'It's a step backwards:' Nanaimo's mayor wants City's Facebook page to stay

By Dominic Abassi
December 5, 2017 - 6:00pm Updated: December 6, 2017 - 11:14am

This page will possibly go dark soon, as they City looks for options to permanently turn off comments from the public.City of Nanaimo/Facebook

Nanaimo's mayor does not agree with a decision which will likely lead to the removal of the City's official Facebook page.

During an in-camera meeting Monday afternoon, Nanaimo council endorsed a staff recommendation to remove the City's Facebook page unless a method to permanently turn off comments from the public could be found.

Bill McKay, the lone vote not in favour, said Council has been told there were repeated defamatory and libelous comments, some of them racist.

"We're having conversations on improving community engagement and this is a step backwards in my view. Council has made the decision to shut it down if they can not control the message coming inbound," McKay told NanaimoNewsNOW.

McKay said he would prefer to keep the page and manage it properly, even if that means increasing staffing levels. "Social media is an emerging technology for communities to communicate...Surely there's ways we can manage social media that we can have respectful conversation back and forth. Let's just find the tools to do that."

Coun. Jim Kipp strongly supported the move, saying the City is having a big problem with comments becoming personal attacks that aren't factual. He said a Facebook page should be a "bulletin board" to send out information and the current theme of comments is offending staff.

"We don't have to spend money on staff time reading all those comments...Quite honestly I think we've lost control of the civility on our web information. I call them keyboard commandos out there just hammering away. Not usually adding much interest, just asking questions and being very forthright about their opinion even though it's not factually based."

Kipp said he would prefer to speak with members of the community in a face-to-face setting, adding Facebook "has no analytics base to it, it's just people's opinions coming back. I don't see a lot of validity in governance through Facebook."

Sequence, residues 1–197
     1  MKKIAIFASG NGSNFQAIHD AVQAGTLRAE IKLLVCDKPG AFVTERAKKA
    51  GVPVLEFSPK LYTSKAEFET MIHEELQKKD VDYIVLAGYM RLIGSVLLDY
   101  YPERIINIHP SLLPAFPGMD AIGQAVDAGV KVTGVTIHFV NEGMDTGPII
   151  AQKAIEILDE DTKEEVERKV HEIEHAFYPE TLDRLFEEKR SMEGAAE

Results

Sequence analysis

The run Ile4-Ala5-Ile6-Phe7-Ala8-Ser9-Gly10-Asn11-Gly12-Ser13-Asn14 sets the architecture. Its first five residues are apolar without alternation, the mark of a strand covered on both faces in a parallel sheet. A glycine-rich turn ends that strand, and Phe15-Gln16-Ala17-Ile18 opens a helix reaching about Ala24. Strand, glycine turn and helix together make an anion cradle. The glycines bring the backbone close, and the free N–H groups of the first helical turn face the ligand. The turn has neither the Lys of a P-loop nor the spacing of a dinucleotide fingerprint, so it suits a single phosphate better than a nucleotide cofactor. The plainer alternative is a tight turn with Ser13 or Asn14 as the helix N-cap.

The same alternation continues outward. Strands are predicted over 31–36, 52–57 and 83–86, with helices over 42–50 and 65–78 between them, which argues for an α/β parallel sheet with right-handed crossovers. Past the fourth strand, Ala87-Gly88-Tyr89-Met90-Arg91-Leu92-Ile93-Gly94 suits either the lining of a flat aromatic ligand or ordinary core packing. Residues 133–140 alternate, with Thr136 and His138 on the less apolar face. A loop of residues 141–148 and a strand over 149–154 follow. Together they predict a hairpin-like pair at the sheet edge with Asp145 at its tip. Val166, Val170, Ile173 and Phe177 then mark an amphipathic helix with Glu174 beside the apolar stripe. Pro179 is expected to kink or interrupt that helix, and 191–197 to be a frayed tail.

Many people don't realize the City is liable for the comments made on their page, coun. Sheryl Armstrong said.

"If you want to criticize, criticize politely...When people become very mean and vindictive, we can't have that," she said, adding it would not be a good use of tax dollars to spend money on monitoring Facebook comments.

It appears unlikely the City will be able to find a way to turn off comments permanently in order to keep their current page.

Juhli Selby, Victoria-based social media consultant and instructor at Camosun College, said there is no mechanism to block comments from a page, although offensive posts can be hidden or users blocked.

Selby said defamatory and abusive comments should be hidden, but "It's not best practice to just try and shut people up or shut people down and not let them give you feedback."

She said if the City isn't willing to dedicate resources to manage it properly, then closing the page is likely their best option. However, she described that as a shame and a missed opportunity.

"As much as they've put out some videos that might not be agreeable to the audience, wouldn't they want to know what the audience has to say and why there's such a strong reaction? If they don't agree with the perspective, they should at least be listening," Selby said.

 

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On Twitter: @domabassi

Note to readers: This is a corrected story. Redacts reference to the City of Nanaimo not responding to a request for comment. The City in fact did provide a previous interview on the topic.

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